For a few minutes, it was just like old times for former Kentucky teammates Matt Smith and Larry Warford.
There they were in the Nutter Indoor Facility again running through offensive line drills, but this time the good friends were running them for NFL scouts as a part of UK's annual Pro Day.
"It was just like we never stopped," Smith said afterward. "It would be awesome if we could end up on the same team together again and play together again. You never know what will happen, but it was good to be back out here again."
Smith was limited by a pulled hamstring and only participated in the position drills and bench press. He got in a day's best 28 repetitions, the same number Warford had at the NFL Combine a few weeks before.
"I felt good about it," Smith said. "All I want is a chance to make a team."
Kentucky had 15 seniors there attempting to impress the 27 scouts on campus, representing 25 NFL teams, one CFL team and a scouting agency.
After completing his work at the combine, Warford also opted to only do position drills on Thursday. He will begin doing individual workouts soon. Warford is hoping to become the first UK offensive lineman to be drafted in 20 years.
The former Madison Central standout said he's heard he could go anywhere from the second to fourth round of the draft, which runs April 25-27.
"Being one of the people (drafted) will be a source of pride," Warford said. "I just want to represent my school the best I can. It's not just about me getting drafted. It's about how well you represent yourself after the fact."
Both Smith and Warford said scouts were interested in their ability to play multiple positions on the offensive line.
"You only get seven active linemen in an NFL game, so you have to be able to play in different positions, basically the whole line," Warford said. "Being able to do that here really helped me."
With talk of 35,000-plus fans signed up for spring game tickets and a buzz around the program, both Smith and Warford said they yearn for an extra year of eligibility.
"It's unbelievable," Smith said of the interest in the program. "I love that the excitement is back around here. Getting around this football program and all of the upgrades that will be coming for the stadium and for Nutter that we needed, just put new life into this program and I love it. I'd love to be back here."
Warford said the hype has been fun to see, even from afar.
"You don't understand how happy I am," he said. "I'm so happy for them. I want to see them get the recognition and I want to see this turn into a football school."
Warford is a tough guy who has played through injury and illness, but nothing could quite prepare the senior for his time at the NFL Combine in Indianapolis in late February.
"It was strenuous," Warford said.
And he wasn't even talking about the physical part of it. That was the easy part.
The first day, he spent more than eight hours at a local hospital getting physicals, checkups, past injury evaluations and drug tests. It was more of the same the next day.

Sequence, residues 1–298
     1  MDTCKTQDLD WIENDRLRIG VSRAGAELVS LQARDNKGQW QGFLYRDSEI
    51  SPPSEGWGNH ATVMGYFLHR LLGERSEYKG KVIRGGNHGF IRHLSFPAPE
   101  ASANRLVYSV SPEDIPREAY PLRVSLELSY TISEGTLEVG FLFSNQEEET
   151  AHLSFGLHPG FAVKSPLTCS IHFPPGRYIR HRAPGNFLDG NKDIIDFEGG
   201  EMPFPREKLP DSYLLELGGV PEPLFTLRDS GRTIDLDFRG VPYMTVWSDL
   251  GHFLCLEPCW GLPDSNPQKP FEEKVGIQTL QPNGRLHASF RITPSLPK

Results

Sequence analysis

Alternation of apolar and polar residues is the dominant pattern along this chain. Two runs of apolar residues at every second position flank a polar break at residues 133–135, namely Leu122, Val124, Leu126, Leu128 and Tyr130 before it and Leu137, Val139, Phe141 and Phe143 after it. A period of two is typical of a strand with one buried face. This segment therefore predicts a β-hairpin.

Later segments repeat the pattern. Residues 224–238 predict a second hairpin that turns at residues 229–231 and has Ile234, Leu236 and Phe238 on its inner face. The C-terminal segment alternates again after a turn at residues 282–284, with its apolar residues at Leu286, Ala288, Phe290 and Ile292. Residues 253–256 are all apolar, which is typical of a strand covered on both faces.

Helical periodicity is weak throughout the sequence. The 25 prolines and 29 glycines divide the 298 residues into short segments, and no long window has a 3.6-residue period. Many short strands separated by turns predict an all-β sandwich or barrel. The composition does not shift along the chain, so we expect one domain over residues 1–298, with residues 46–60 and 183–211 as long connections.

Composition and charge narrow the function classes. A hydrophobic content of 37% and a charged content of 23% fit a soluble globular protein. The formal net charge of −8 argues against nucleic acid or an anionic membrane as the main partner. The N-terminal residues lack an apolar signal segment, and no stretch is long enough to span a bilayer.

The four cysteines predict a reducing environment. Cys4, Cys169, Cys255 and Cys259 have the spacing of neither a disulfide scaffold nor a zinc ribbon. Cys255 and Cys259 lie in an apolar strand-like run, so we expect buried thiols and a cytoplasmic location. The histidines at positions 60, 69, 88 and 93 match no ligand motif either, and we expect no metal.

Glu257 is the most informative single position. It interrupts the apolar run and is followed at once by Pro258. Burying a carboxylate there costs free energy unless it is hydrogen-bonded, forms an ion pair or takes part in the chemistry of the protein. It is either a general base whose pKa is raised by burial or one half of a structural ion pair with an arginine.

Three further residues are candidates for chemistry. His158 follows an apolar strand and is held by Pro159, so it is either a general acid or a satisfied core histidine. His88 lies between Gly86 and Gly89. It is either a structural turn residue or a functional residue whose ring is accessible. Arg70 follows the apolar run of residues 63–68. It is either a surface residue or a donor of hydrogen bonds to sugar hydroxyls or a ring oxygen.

"Then you've got psychological testing," he said, making a face. "Oh, my God. I was like, 'I just want to go home now.' When we got to the workouts, it was pretty fun then."
By far the most difficult part was the psychological testing, the former Madison Central standout said.
"You're worn out," he said. "You wake up at like 5 or 5:30 and then you're busy until 11 at night. You've got a lot of tests, psychological tests and it's just hard to concentrate because you're tired. Then they throw you out there to work out. Pretty tough."
At the combine, Warford ran the 40-yard dash in 5.58 seconds, got 28 reps in the bench press and had a vertical jump of 22.5 inches and a broad jump of 96 inches. He did the three-cone drill in 7.78 seconds and the 20-yard shuttle in 5.1 seconds.
Center of attention
While a depth chart has not been released and positional updates have been scarce, Smith offered a little bit of outside insight into what might happen with his former position: center.
Smith said he watched some film on the offensive linemen from the first couple of UK spring practices and he was impressed.
"Things are looking good," he said. "They're doing a lot of movements up there, moving guys around all over the place."
Smith said he's been fielding lots of questions from redshirt freshmen Jon Toth (6-foot-5, 289 pounds) and Zach Myers (6-3, 289). Guard Zach West also could see some time at center.
They "have come up to me for a little advice on playing center. As I told them, 'It's not as easy as I made it look,'" Smith joked.
The three-year starter at center said Toth and Myers could both be good replacements.
"As long as those two can catch onto things, I think it will be one of them playing there. ... Hopefully everything will fall into place, but they've been out there working hard and love what's going on right now."
There has been so much talk of changes on offense and defense, little attention has been paid (in interviews at least) to special teams play.
But Kentucky head coach Mark Stoops said it's a group getting a lot of work in this spring as well.
"We work on special teams every day," he said after practice on Friday. "We still have two segments today (after regular practice) on special teams. Every day. Just like we will in the fall. We're installing. Coach Bradley Dale Peveto's done a great job with that and we're working hard."
Read into it what you will, but one unit that Stoops is pleased with is UK's punting group, led by Landon Foster, who earned Freshman All-American honors averaging 42.9 yards a punt.
"They were really very effective last year in punt," Stoops said. "Some of the techniques and some of the schemes we're doing in punting are very similar."